Are you confused about the difference between making a demand and making a request? It's easy to be confused about this.
Margaret, what's the difference between a demand and asking for what you need in a relationship?
Asking for what you want and need in a relationship is important, but it becomes a demand when the other person does not have the right to say "No" without getting punished in some way by you.
Most people don't like to be controlled, so when they know there will be negative consequences to saying no, they are likely to say yes and then go into resistance.
For example, you might say to your partner, "I'm very tired tonight. Would you mind doing the dishes?" If your partner responds with, "I'm wiped out, too. Let's leave them and do them tomorrow," and you get upset, saying something like, "I can never count on you," then your question was a demand.
In the above example, if you had responded by saying, "Okay," then the very same question was a request. Sometimes it's hard to tell the difference between a request and a demand until you or the other person says no -- and then you see what happens.
Let's say you had responded by saying, "Well, okay, but you know it's really hard for me to leave the kitchen a mess at night. How about you keep me company and we do it together?"
Your partner might say, "Sure." But what happens if their response is, "No, I don't have the time. I have some things I need to get done tonight before I can go to sleep." Once again, you are faced with either accepting your helplessness over your partner, who did not respond positively to your request, or getting upset, in which case it again turns into a demand.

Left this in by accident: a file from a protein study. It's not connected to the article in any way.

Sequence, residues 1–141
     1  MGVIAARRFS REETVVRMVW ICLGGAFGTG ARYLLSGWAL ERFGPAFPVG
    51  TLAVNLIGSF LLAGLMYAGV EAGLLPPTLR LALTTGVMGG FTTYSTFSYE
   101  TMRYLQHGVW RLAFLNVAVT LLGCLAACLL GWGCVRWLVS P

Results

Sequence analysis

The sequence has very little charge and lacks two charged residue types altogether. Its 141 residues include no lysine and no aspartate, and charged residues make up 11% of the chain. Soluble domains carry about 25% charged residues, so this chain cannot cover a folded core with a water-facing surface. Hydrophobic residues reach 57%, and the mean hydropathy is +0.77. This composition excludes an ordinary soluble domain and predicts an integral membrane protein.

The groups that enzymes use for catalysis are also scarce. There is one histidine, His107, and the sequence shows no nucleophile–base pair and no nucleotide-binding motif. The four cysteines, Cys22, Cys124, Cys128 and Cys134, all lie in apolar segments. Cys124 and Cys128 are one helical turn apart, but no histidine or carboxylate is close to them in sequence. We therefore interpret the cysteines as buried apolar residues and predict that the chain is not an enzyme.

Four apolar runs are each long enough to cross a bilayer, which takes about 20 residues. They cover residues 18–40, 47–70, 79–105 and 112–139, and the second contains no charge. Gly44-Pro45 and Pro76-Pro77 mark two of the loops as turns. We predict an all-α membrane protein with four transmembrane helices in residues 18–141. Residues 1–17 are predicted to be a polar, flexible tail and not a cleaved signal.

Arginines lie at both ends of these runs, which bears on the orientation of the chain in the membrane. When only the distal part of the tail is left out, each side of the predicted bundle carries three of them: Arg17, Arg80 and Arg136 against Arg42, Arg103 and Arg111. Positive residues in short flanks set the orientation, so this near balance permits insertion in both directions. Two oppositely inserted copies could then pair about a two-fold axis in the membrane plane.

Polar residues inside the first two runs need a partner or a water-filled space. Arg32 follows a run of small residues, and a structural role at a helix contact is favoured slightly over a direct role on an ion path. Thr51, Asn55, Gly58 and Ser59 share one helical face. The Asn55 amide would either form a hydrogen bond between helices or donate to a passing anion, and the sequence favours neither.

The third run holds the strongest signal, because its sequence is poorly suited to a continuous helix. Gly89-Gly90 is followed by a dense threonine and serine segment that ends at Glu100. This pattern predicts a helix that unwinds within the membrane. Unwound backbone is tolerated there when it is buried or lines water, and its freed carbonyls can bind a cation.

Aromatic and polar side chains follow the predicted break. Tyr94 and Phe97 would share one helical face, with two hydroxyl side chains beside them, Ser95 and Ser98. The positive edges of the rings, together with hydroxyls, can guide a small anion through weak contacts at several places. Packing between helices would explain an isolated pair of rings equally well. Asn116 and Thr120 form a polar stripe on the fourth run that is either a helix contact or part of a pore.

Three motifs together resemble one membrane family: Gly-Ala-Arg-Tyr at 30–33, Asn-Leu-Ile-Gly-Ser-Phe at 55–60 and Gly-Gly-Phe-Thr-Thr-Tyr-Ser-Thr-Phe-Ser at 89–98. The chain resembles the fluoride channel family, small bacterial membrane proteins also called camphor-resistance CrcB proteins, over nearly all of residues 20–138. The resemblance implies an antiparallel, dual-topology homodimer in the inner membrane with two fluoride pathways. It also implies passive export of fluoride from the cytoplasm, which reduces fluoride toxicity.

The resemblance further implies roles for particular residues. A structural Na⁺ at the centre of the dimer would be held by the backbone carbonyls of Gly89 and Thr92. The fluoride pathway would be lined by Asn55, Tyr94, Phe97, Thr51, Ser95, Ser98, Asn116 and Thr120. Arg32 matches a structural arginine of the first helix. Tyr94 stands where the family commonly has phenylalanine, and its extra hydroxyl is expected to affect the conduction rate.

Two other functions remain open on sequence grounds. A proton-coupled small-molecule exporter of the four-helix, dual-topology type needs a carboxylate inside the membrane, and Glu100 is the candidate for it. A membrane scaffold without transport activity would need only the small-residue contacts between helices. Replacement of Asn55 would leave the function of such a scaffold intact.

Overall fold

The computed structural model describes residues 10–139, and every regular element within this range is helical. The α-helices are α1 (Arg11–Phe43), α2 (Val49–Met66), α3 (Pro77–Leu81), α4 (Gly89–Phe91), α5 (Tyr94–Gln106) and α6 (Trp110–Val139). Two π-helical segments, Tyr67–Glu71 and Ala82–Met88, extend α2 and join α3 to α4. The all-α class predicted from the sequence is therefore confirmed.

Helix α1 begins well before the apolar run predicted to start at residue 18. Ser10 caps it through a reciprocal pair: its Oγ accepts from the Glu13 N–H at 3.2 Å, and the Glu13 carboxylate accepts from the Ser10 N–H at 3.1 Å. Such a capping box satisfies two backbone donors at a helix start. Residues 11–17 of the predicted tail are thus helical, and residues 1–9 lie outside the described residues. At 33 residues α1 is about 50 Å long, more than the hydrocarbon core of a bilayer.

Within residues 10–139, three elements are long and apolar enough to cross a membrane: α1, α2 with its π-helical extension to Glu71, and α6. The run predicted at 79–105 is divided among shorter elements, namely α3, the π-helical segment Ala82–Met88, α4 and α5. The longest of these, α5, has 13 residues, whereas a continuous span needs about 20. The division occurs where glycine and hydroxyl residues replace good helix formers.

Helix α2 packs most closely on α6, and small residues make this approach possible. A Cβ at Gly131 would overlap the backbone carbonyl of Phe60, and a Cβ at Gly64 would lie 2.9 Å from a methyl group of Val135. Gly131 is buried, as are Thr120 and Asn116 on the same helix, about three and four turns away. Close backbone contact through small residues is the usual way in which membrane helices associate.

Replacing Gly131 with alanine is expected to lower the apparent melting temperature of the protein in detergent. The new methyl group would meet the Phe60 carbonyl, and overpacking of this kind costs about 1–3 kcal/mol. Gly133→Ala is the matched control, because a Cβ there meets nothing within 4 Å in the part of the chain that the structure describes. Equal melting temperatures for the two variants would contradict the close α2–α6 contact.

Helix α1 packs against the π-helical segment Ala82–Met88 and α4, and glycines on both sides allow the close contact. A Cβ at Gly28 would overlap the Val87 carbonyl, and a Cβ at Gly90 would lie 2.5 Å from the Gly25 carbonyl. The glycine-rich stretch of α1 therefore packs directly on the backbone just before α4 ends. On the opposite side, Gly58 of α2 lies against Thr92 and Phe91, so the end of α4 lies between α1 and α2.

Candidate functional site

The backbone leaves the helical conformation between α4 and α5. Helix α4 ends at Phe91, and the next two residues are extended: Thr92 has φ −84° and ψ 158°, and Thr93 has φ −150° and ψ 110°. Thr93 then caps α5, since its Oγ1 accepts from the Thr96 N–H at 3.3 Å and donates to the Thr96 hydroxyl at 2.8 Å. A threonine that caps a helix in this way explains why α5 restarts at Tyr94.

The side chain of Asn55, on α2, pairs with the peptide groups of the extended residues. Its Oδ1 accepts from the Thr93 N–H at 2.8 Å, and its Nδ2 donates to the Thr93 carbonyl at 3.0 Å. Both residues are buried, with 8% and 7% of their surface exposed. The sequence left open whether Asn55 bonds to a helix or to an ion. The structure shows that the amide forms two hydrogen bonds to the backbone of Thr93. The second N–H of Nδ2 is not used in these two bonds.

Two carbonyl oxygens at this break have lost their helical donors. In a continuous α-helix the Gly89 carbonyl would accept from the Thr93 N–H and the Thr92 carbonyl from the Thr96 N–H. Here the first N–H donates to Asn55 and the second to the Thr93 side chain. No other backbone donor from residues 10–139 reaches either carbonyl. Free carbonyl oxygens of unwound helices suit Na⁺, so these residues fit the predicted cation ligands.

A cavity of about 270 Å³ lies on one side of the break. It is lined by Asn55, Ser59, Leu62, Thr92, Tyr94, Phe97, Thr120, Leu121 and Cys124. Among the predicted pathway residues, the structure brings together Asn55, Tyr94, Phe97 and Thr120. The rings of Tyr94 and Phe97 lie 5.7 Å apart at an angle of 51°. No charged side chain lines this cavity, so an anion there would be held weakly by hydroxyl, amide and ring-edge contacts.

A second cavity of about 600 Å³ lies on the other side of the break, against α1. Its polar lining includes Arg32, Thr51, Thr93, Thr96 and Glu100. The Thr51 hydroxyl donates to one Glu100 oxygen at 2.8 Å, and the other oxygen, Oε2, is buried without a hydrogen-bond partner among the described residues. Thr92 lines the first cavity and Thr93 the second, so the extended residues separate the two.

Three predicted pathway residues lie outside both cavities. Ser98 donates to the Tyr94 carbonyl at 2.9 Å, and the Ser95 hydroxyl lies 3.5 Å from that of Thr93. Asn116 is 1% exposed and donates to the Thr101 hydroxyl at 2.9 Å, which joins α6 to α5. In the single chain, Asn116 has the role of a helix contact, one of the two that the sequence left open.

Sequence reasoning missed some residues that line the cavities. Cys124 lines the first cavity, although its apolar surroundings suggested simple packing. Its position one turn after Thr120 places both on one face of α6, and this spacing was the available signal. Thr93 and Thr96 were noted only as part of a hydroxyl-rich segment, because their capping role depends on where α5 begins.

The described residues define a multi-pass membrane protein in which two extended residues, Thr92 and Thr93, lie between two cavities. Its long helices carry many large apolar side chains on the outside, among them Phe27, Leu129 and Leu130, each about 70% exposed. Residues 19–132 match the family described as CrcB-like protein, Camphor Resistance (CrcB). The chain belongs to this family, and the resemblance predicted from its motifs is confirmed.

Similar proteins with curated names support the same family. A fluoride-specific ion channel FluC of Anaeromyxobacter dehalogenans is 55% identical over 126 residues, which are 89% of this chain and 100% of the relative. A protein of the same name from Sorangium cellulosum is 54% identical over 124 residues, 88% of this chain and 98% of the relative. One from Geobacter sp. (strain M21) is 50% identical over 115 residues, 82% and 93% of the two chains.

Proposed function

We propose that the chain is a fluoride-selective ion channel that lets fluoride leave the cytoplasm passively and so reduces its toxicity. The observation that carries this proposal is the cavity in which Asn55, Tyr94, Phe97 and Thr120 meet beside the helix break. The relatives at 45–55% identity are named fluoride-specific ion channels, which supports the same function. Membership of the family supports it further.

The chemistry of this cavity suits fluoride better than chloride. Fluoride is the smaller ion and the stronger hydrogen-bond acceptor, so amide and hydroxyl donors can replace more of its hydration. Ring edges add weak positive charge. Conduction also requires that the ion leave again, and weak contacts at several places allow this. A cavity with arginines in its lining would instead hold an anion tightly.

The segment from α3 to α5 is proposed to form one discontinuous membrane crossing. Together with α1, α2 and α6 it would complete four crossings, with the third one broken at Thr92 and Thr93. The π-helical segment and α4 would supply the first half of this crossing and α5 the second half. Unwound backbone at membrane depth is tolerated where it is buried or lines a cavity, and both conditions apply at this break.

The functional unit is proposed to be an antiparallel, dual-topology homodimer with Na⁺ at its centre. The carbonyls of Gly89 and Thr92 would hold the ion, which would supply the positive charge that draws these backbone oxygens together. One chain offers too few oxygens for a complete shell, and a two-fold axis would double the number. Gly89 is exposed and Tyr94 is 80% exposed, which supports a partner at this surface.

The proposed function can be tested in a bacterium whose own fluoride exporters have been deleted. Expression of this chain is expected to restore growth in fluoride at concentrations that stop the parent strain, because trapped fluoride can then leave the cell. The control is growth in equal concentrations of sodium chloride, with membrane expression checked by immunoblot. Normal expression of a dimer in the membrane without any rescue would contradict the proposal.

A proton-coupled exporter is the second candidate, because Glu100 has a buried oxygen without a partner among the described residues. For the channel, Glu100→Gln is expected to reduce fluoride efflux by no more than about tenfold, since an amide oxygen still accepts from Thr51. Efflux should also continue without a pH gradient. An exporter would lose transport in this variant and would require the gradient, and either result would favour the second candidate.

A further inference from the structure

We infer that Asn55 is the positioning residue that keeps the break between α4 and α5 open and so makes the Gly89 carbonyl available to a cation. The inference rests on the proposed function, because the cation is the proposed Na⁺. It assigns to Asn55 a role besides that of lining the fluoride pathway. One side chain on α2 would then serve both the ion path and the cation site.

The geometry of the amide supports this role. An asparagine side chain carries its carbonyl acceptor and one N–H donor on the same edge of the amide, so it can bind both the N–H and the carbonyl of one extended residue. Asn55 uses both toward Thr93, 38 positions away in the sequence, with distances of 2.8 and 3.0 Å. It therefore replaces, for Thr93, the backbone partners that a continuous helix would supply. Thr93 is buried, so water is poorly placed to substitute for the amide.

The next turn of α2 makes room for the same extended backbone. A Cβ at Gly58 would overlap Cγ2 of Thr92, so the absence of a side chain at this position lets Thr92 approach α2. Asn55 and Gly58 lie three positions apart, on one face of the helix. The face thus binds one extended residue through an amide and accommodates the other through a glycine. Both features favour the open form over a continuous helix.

What happens if your partner is a resistant person and just sits there in front of the TV, making no move to help you?
This is the kind of situation that is very difficult. Accepting our helplessness over another is one of the biggest challenges in relationships. It's not just helplessness over whether or not your partner helps you with the dishes. The greater issue is helplessness over your partner's lack of caring.
When a person goes into resistance, they lose their caring. Sometimes the resistance is in response to your attempts to control, but sometimes it has nothing to do with you. Many people bring their resistance from childhood into the relationship and feel controlled by any request.
If you are dealing with a resistant partner, the first thing you need to do is be sure that you are making requests rather than demands. You need to let go of trying to control your partner and then see if he or she starts to respond with caring. This may take some time. If you have been controlling, your partner might automatically respond to your requests with resistance. It may take time for him or her to realize that you are no longer trying to control.
However, you also need to be prepared for the possibility that your partner's resistance may have nothing to do with you. If he or she came from very controlling parents, the resistance -- and the resulting lack of caring -- may be deeply entrenched. This is a very painful situation.
You have a number of options in this situation:
- Find the means to hire someone to do some of the things that your partner refuses to do.
- Accept doing them yourself and give up making requests, making sure you are not becoming resentful, which requires being very compassionate with yourself regarding the heartbreak and helplessness over the lack of caring.
- If your partner will go to counseling with you, this could help.
- If your partner won't go to counseling and refuses to acknowledge and deal with the issue, and if the lack of caring is unacceptable to you, then you may need to end the relationship.
Entrenched resistance is a very difficult issue and might prevail, even if you are requesting rather than demanding. Regardless, it is always worth it to explore within yourself, so that you learn to tell the difference between requesting and demanding.
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